2. Y is the version on your project references. To get it, select the library from the references node, and look for the version on property pane.
1
  • 2
    When you are installing anything above 4.2.0.0 in package manager the assembly version is actually 4.2.1.0 for EVERY single version above that. so the binding redirect that works is <bindingRedirect oldVersion="0.0.0.0-4.2.0.0" newVersion="4.2.1.0" /> even though you may have the 4.7.0 or 5.0.0 NuGet package installed. I think its a version compatibility thing that is a pain in the arse for hybrid framework / standard projects.
    – Piotr Kula
    May 25, 2022 at 18:57
3

Got it working by using assembly redirection as described in: just invoke FunctionsAssemblyResolver.RedirectAssembly() in the begining of your program. https://stackoverflow.com/a/50776946/2705777

using System.Reflection;
using System.Diagnostics;
using System.Linq;

public class FunctionsAssemblyResolver
{
    public static void RedirectAssembly()
    {
        var list = AppDomain.CurrentDomain.GetAssemblies().OrderByDescending(a => a.FullName).Select(a => a.FullName).ToList();
        AppDomain.CurrentDomain.AssemblyResolve += CurrentDomain_AssemblyResolve;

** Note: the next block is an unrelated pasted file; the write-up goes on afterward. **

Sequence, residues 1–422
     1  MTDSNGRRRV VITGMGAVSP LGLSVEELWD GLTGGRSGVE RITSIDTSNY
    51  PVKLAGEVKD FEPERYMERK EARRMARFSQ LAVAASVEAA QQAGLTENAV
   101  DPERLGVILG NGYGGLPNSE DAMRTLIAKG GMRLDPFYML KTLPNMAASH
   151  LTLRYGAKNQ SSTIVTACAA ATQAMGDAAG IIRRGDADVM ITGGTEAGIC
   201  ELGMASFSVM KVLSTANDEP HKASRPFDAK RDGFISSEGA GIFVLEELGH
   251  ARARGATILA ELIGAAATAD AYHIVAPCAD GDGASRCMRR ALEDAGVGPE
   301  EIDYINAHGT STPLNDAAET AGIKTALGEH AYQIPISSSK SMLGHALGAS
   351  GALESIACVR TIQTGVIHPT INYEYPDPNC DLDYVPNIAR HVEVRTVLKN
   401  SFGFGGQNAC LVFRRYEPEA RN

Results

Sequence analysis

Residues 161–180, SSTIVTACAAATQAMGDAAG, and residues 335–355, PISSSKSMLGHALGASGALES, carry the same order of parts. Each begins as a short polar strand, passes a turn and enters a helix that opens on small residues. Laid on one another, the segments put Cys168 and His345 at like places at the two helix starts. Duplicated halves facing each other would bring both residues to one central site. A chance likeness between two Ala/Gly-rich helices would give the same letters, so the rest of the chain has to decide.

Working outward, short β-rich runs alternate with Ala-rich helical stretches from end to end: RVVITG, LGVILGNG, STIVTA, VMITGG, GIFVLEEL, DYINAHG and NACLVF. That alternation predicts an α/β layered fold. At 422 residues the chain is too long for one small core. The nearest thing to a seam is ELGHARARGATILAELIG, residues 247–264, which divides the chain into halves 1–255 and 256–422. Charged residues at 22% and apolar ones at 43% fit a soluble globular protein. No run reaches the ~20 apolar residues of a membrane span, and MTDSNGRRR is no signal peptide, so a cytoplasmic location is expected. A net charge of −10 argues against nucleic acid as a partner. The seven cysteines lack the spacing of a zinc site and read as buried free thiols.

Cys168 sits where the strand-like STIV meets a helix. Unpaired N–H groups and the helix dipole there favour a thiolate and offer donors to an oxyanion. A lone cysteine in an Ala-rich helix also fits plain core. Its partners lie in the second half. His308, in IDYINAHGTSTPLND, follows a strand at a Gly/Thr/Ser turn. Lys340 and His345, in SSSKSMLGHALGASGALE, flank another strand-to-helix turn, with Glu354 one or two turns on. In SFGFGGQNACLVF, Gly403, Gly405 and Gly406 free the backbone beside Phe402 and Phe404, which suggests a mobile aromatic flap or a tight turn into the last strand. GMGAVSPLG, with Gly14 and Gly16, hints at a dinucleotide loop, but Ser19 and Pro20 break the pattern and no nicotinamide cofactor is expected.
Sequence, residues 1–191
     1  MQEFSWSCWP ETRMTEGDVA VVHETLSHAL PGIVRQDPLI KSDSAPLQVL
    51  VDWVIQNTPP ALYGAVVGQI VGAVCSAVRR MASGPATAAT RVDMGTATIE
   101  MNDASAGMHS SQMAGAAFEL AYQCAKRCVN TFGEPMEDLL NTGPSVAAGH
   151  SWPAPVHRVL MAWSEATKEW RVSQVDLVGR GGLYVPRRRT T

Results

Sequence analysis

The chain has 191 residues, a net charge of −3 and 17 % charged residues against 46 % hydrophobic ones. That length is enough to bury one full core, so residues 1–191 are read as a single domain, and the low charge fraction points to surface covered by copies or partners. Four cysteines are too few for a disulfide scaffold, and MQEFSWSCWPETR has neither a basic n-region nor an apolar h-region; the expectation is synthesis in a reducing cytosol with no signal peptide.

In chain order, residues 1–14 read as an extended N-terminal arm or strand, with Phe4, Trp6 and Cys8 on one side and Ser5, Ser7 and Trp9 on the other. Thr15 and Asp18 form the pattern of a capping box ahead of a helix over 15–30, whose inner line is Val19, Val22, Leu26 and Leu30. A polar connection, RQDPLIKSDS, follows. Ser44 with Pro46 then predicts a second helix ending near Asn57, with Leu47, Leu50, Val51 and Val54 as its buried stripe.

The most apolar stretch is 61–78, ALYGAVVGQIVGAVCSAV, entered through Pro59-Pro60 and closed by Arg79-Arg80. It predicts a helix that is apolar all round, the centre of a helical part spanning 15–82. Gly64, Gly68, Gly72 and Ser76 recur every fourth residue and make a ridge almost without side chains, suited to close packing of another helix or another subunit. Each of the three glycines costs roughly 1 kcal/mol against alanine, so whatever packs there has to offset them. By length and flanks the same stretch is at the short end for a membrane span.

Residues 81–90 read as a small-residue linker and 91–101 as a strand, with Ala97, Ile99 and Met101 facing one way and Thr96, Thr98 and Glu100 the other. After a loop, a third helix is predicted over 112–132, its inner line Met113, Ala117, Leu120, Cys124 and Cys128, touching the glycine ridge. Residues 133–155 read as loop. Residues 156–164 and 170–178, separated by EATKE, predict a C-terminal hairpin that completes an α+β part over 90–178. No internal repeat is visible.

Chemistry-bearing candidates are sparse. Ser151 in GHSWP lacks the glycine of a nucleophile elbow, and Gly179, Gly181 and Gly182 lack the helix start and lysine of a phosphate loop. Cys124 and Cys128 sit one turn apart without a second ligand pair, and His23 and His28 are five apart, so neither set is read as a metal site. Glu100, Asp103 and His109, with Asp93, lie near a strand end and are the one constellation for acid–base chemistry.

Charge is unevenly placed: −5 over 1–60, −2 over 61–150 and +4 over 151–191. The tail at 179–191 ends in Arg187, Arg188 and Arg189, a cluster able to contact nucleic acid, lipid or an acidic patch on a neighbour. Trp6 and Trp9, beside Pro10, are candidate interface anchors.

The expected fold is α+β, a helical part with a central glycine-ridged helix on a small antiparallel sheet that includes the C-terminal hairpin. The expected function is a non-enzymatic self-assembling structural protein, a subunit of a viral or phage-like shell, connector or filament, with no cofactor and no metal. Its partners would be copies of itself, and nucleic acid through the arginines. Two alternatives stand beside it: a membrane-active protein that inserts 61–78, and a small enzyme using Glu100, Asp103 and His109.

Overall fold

}

    private static Assembly CurrentDomain_AssemblyResolve(object sender, ResolveEventArgs args)
    {
        var requestedAssembly = new AssemblyName(args.Name);
        Assembly assembly = null;
        AppDomain.CurrentDomain.AssemblyResolve -= CurrentDomain_AssemblyResolve;
        try
        {
            assembly = Assembly.Load(requestedAssembly.Name);
        }
        catch (Exception ex)
        {
        }
        AppDomain.CurrentDomain.AssemblyResolve += CurrentDomain_AssemblyResolve;
        return assembly;
    }

}
2
  • This is basically what BenchmarkDotNet does. github.com/dotnet/BenchmarkDotNet/blob/… Apr 26, 2019 at 21:05
  • 1
    When you are installing anything above 4.2.0.0 in package manager the assembly version is actually 4.2.1.0 for EVERY single version above that. so the binding redirect that works is <bindingRedirect oldVersion="0.0.0.0-4.2.0.0" newVersion="4.2.1.0" /> even though you may have the 4.7.0 or 5.0.0 NuGet package installed. I think its a version compatibility thing that is a pain in the arse for hybrid framework / standard projects.
    – Piotr Kula
    May 25, 2022 at 18:57
2

Also for 4.2.0.0 version error this is fixed for me in web.config:

  <dependentAssembly>
    <assemblyIdentity name="System.ComponentModel.Annotations" publicKeyToken="b03f5f7f11d50a3a" culture="neutral" />
    <bindingRedirect oldVersion="0.0.0.0-4.2.1.0" newVersion="4.6.0" />
  </dependentAssembly>
</assemblyBinding> 
1

Fixed this by installing the same System.ComponentModel.Annotations version I want to use across all the projects in the solution.

1

Please Add below dependentAssembly in your web.Config or app.Config file

The following configuration is added under the configuration --> runtime --> assemblyBinding node under:

<dependentAssembly>
        <assemblyIdentity name="System.ComponentModel.Annotations" publicKeyToken="b03f5f7f11d50a3a" culture="neutral" />